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This blog is about the fascinating, fun, and challenging things about the English language. I hope to entertain you and to help you with problems or just questions you might have with spelling and usage. I go beyond just stating what is right and what is wrong, and provide some history or some tips to help you remember. Is something puzzling you? Feel free to email me at wordlady.barber@gmail.com.
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Friday, December 28, 2012

Happy Hogmanay!

Those of you who have read my book Six Words You Never Knew Had Something to do with Pigs know that pigs crop up in the most unexpected places, etymologically speaking. And so you may think that today's word of the week is yet another example. But in fact "hogmanay", the word used in Scotland to designate New Year's Eve, has nothing to do with pigs. 
Edinburgh on Hogmanay

This unusual word probably comes from hoguinané, a Norman French form of Old French aguillanneuf. The first element of aguillanneuf  is of unknown origin, tacked on to l'an neuf (the new year). This was a shout with which people (especially children) greeted the New Year and demanded a New Year's gift (rather as children shout "Trick or treat!" on Halloween). The gift was traditionally oatcakes (a round, flat, not very sweet oat biscuit), from which custom the day also came to be known as "cake day". 


Just to be confusing, there are some actual cakes traditionally eaten in Scotland on Hogmanay, but they are not called cakes. One is is the "Scotch bun" (also known as "black bun"), a spiced fruitcake with a pastry crust. Another is the delightfully named "cloutie dumpling". This version of Christmas pudding is wrapped in a cloth (a "clout" in Scots English, derived from the Anglo-Saxon word clut, originally meaning a piece of something but quite quickly applied specifically to pieces of fabric).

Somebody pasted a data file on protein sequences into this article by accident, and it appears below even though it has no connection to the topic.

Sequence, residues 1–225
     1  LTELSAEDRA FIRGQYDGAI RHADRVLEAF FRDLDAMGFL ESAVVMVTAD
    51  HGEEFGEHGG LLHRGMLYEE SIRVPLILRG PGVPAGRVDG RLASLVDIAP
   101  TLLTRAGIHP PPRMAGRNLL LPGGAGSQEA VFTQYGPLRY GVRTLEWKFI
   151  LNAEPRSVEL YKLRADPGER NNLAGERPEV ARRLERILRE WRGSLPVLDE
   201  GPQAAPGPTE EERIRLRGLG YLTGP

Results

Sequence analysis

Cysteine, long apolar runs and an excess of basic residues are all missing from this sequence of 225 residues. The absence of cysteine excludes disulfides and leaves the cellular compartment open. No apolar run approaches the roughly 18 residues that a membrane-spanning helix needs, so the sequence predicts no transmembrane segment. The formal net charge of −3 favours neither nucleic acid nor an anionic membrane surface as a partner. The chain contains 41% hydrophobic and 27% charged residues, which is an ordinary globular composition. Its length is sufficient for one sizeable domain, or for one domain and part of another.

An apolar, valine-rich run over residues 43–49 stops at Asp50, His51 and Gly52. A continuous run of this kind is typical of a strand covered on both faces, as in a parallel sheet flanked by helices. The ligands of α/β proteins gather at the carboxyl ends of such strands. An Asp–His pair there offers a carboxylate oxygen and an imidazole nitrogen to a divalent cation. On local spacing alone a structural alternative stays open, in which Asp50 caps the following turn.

Oatcakes, black buns, cloutie dumplings... all washed down with a wee dram, no doubt. Or a not so wee one.

So I'll wish you Happy Hogmanay, and all the very best in 2013!

Slainte!

  

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4 comments:

  1. Happy New Year to you!

    And thank you for your work!

    E.T. :)

    ReplyDelete
  2. I've wondered if Hogwarts school/castle, which is also supposedly located in Scotland, shares a lignistic root or two with this word.

    ReplyDelete
    Replies
    1. Doubtful. I expect JK Rowling was just playing with "hog" = pig and "warts".

      Delete
  3. A guid New Year to you, Katherine, and lang may yer lum reek!
    Norman D. Lawson

    ReplyDelete

About Me

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Canada's Word Lady, Katherine Barber is an expert on the English language and a frequent guest on radio and television. She was Editor-in-Chief of the Canadian Oxford Dictionary. Her witty and informative talks on the stories behind our words are very popular. Contact her at wordlady.barber@gmail.com to book her for speaking engagements; she can tailor her talks to almost any subject. She is also available as an expert witness for lawsuits.